The Libra stablecoin project proposed by Facebook has received a lot of criticism and raised a number of concerns.
As of today, it is difficult to find any institution or any big-name external to the crypto world that is truly in favour of the project.
All sorts of criticisms have come to light, possibly also because the project’s initiator is Facebook, a company that recently has had many problems with user privacy and which seems to generate ever less confidence.
However, the main criticisms came from US policy, as evidenced by the somewhat unfriendly welcome given to project director David Marcus by the US Senate Banking Commission during the hearing on July 16th.
The following day’s hearing, the House Financial Services Committee was again asked to suspend the project until Congress creates a new legal framework defined as “appropriate” to ensure that Libra and Calibra act as they promise.
Marcus himself replied by reiterating that they do not intend to launch the project until it has been analysed and understood by the institutions.
There are even those who have suggested that the project should be nationalised since it is currently “a currency controlled by an undemocratically-selected coalition of largely massive corporations”.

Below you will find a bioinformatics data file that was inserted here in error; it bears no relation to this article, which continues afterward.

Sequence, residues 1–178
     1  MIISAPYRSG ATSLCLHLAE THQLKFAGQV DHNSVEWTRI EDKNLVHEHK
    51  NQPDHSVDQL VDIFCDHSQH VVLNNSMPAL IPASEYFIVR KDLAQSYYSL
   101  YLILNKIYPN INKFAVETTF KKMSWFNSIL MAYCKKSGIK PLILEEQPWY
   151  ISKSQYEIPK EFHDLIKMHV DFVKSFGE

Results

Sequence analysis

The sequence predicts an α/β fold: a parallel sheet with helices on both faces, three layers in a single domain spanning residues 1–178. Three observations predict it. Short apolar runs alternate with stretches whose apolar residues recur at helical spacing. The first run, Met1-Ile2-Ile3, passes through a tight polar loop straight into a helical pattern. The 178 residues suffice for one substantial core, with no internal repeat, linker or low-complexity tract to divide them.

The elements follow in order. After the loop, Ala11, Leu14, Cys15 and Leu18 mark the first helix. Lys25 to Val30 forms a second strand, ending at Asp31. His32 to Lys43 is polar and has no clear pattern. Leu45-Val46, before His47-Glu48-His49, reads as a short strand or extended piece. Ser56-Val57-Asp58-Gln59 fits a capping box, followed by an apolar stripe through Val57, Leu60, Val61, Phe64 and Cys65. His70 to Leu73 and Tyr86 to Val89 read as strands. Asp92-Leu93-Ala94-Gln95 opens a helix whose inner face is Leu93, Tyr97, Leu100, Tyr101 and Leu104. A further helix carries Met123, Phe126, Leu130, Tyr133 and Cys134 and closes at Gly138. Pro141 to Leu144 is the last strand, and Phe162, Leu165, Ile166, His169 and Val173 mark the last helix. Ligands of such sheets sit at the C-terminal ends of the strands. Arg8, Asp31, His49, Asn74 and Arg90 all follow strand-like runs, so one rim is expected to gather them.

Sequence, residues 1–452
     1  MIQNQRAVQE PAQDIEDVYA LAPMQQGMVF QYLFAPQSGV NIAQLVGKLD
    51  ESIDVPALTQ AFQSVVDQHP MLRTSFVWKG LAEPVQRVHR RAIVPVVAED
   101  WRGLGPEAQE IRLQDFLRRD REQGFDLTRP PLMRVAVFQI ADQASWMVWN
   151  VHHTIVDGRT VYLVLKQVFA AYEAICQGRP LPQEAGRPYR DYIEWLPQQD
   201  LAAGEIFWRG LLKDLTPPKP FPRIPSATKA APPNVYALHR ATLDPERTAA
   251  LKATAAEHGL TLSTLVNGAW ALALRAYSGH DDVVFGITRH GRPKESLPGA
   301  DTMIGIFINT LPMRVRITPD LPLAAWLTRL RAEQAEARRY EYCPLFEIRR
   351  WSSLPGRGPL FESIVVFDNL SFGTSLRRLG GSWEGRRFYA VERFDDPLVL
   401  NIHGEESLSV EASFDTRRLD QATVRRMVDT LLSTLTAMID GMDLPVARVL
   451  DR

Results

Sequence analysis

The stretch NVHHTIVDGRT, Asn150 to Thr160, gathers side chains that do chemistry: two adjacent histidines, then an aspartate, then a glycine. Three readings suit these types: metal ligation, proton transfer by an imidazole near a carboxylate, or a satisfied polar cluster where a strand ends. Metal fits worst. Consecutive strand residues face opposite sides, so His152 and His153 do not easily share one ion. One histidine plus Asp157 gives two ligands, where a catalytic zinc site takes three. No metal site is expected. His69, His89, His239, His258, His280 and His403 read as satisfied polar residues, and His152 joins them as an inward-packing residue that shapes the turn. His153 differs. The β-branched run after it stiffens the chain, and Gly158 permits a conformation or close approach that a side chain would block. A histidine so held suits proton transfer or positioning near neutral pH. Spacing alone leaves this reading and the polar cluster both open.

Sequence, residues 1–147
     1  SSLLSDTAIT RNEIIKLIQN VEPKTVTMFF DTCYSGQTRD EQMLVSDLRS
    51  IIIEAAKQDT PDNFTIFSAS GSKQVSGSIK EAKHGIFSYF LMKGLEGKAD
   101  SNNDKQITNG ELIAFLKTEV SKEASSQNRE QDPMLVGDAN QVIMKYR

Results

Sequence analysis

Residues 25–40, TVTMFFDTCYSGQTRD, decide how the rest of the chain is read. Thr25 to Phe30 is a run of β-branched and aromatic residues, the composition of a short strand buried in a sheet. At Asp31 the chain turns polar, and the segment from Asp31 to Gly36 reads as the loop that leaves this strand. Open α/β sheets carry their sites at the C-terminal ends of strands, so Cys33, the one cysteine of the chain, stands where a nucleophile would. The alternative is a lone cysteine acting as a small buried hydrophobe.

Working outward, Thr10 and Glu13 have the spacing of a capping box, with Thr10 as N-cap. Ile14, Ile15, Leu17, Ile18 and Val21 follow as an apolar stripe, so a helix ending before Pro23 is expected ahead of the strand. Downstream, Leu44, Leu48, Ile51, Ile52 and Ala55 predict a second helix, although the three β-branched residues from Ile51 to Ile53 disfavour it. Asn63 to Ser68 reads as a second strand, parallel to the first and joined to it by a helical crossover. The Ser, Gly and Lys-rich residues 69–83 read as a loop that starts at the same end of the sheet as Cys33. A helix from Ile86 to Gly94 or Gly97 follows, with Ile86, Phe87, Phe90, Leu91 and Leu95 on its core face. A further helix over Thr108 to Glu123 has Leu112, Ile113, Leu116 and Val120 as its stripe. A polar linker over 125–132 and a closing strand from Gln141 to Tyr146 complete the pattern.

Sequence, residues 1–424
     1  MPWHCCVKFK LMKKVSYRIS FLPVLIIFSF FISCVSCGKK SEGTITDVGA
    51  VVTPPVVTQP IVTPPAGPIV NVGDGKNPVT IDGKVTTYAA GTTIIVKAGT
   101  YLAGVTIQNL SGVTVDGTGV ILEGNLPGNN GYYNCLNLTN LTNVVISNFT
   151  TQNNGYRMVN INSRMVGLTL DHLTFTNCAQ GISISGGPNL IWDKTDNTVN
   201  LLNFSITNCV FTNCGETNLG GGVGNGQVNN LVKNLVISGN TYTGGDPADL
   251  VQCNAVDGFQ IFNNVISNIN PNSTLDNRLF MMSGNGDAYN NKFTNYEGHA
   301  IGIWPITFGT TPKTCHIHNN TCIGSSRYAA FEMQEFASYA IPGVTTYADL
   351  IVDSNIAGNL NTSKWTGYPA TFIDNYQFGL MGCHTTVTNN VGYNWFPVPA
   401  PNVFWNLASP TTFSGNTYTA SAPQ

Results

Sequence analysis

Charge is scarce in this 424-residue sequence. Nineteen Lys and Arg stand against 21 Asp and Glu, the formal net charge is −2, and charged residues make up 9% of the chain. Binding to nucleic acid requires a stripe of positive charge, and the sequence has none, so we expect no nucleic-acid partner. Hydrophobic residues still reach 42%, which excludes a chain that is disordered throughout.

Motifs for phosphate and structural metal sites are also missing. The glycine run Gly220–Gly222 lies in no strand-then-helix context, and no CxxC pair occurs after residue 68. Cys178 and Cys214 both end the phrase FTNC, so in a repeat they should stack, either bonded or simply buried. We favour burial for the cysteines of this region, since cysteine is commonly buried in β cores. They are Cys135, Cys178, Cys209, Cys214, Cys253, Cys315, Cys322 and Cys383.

When asked about the possibility of verifying that, as promised, all issued tokens would be fully covered by an underlying basket of fiat currencies, Marcus replied that the Libra association could be regulated and controlled by a supervisory group of G7 nations.
Another MP, Warren Davidson, even suggested that coins like Libra are actually “shitcoins”, unlike Bitcoin: “there’s Bitcoin, and then there’s shitcoin“.
In response, Meltem Demirors said that, while Bitcoin is decentralised, Libra is highly centralised, which means that it cannot be defined as a cryptocurrency.
Outside the strictly political world, however, former CFTC president Gary Gensler stated that Libra would appear to be an investment vehicle, similar to some banking structures, and should, therefore, be treated as a security token.
In other words, not only are there many sceptics, but there are also many questions raised to which Facebook has been requested to give clear answers. The problem is that these technologies are so new and unprecedented, that it is really very difficult to find clear answers, even if wanting to do so.
An out of the box voice was that of SEC Commissioner Hester Pierce, better known as “crypto mom”.
“One of the things that excites me about Facebook’s Libra is that it’s really a way to bring the world together so that people can collaborate from all across the world and get paid for their contributions to projects in ways that doesn’t involve complicated currency transactions. Everyone can get paid with the same currency, so it’s almost like the money to go along with the internet and I think that’s where the potential value of cryptocurrency lies”.